In addition to addressing the underlying causes of concentrated disadvantage and segregation, this report also identifies promising sites of intervention in adjacent social policy institutions that can either perpetuate and compound or else mitigate racial inequality in and outside of the criminal justice system, such as education, child welfare, and health systems. Though that list is not exhaustive, the committee examined these systems with a life-course approach and with the understanding that the cumulative nature of racial inequality is intergenerational for families and children. The committee highlights select strategies for reforming social policy institutions with overarching principles that seek to strengthen families and protect children from system involvement, to enhance opportunities for youth learning and healthy development, and to promote health and well-being. Another central tenet of these strategies is the recognition of the role that biases and institutional racism can play in shaping outcomes for youth and families. Without meaningful structural reform that addresses these underlying mechanisms of inequality, decision makers run the risk of shifting the
responsibility to address social problems but perpetuating racial inequality in different systems.
The committee also examines gun violence through a racial equity lens and explores potential policy solutions and public health approaches to minimize harm and advance equity. Given the enormous social cost and racial inequality associated with gun violence, proven measures for reducing the supply of guns may contribute to reducing serious crime that is concentrated in disadvantaged communities.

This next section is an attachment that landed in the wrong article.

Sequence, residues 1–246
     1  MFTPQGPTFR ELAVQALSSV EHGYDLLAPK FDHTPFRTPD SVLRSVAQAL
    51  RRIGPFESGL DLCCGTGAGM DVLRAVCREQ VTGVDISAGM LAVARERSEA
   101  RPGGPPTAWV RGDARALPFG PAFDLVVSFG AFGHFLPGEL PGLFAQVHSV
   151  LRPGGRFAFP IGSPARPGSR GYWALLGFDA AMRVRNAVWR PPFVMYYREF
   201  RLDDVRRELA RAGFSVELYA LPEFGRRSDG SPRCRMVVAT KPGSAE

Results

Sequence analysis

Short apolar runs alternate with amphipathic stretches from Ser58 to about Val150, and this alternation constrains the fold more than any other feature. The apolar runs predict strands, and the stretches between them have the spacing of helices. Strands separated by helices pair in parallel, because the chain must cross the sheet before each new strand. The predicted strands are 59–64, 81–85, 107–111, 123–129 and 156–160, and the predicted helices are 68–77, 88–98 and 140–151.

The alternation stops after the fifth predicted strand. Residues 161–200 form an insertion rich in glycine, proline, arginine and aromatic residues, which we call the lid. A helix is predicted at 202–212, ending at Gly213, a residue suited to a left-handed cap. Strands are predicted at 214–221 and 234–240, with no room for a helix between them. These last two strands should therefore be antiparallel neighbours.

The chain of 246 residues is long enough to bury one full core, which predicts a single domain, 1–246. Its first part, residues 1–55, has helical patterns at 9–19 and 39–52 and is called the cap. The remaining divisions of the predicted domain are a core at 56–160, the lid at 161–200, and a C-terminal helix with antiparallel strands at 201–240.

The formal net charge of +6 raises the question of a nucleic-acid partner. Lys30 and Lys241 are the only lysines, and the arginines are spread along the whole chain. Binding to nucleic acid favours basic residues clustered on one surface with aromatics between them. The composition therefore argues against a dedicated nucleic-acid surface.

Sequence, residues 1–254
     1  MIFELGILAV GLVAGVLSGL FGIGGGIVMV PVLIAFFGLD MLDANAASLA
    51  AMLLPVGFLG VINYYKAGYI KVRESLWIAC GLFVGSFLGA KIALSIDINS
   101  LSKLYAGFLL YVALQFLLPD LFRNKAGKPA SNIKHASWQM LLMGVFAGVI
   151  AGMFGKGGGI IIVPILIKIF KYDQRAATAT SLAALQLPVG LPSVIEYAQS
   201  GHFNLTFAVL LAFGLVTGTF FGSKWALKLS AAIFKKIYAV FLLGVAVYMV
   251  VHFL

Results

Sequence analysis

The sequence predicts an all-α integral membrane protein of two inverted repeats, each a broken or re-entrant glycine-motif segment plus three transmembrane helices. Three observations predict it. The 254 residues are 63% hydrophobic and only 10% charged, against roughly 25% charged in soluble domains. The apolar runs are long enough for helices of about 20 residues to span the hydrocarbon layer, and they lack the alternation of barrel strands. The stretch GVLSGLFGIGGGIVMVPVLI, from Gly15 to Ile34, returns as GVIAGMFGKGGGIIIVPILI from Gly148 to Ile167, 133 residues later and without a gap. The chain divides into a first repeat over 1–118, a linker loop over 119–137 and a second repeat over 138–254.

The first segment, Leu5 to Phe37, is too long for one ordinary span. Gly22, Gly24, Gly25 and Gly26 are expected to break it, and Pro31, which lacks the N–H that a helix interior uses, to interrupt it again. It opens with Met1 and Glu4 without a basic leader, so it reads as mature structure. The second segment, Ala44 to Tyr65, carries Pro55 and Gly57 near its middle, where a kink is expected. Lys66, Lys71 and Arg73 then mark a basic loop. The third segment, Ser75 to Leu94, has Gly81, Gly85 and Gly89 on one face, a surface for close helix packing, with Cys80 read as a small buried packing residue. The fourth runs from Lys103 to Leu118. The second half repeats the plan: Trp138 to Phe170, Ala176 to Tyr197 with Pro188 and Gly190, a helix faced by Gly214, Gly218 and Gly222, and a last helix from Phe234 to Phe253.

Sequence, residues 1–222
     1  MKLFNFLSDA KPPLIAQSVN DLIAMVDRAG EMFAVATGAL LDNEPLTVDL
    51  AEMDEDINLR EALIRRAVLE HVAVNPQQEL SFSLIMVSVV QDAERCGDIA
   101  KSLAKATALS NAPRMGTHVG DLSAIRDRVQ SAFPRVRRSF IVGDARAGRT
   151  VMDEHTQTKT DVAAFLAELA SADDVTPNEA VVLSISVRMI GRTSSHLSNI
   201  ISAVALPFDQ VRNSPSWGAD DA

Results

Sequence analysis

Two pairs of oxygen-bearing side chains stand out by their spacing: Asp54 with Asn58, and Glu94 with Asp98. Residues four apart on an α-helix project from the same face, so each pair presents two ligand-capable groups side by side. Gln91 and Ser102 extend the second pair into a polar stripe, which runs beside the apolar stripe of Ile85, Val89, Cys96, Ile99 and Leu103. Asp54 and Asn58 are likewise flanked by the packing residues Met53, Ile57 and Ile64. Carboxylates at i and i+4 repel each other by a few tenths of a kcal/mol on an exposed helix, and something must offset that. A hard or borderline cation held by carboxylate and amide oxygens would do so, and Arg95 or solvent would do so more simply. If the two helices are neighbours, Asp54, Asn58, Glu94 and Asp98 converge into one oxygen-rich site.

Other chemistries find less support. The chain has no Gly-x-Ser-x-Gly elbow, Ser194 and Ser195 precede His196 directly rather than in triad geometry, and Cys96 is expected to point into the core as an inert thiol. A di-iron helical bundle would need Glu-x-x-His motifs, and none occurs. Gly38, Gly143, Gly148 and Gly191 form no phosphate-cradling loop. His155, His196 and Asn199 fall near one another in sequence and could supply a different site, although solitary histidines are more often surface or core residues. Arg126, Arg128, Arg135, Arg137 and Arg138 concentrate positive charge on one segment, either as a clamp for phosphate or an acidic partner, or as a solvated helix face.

While this report does not make an exhaustive review, its identification of select strategies addressing longstanding inequalities and cumulative, race-based disadvantages over the life course emphasizes that reducing criminal justice inequalities also depends in part on social and economic policy.
Reforming the Criminal Justice System
The committee views reforms to police, courts, and corrections as part of a larger process needed for significantly reducing inequality. In addition to developing community-based strategies for safety, achieving a reduction in arrests, incarceration, and other criminal justice contact in communities of color will require changes to criminal justice agencies. The criminal justice system should work to holistically respond to harm, including both the harms attributable to crime and the harms for which the criminal justice system is itself responsible.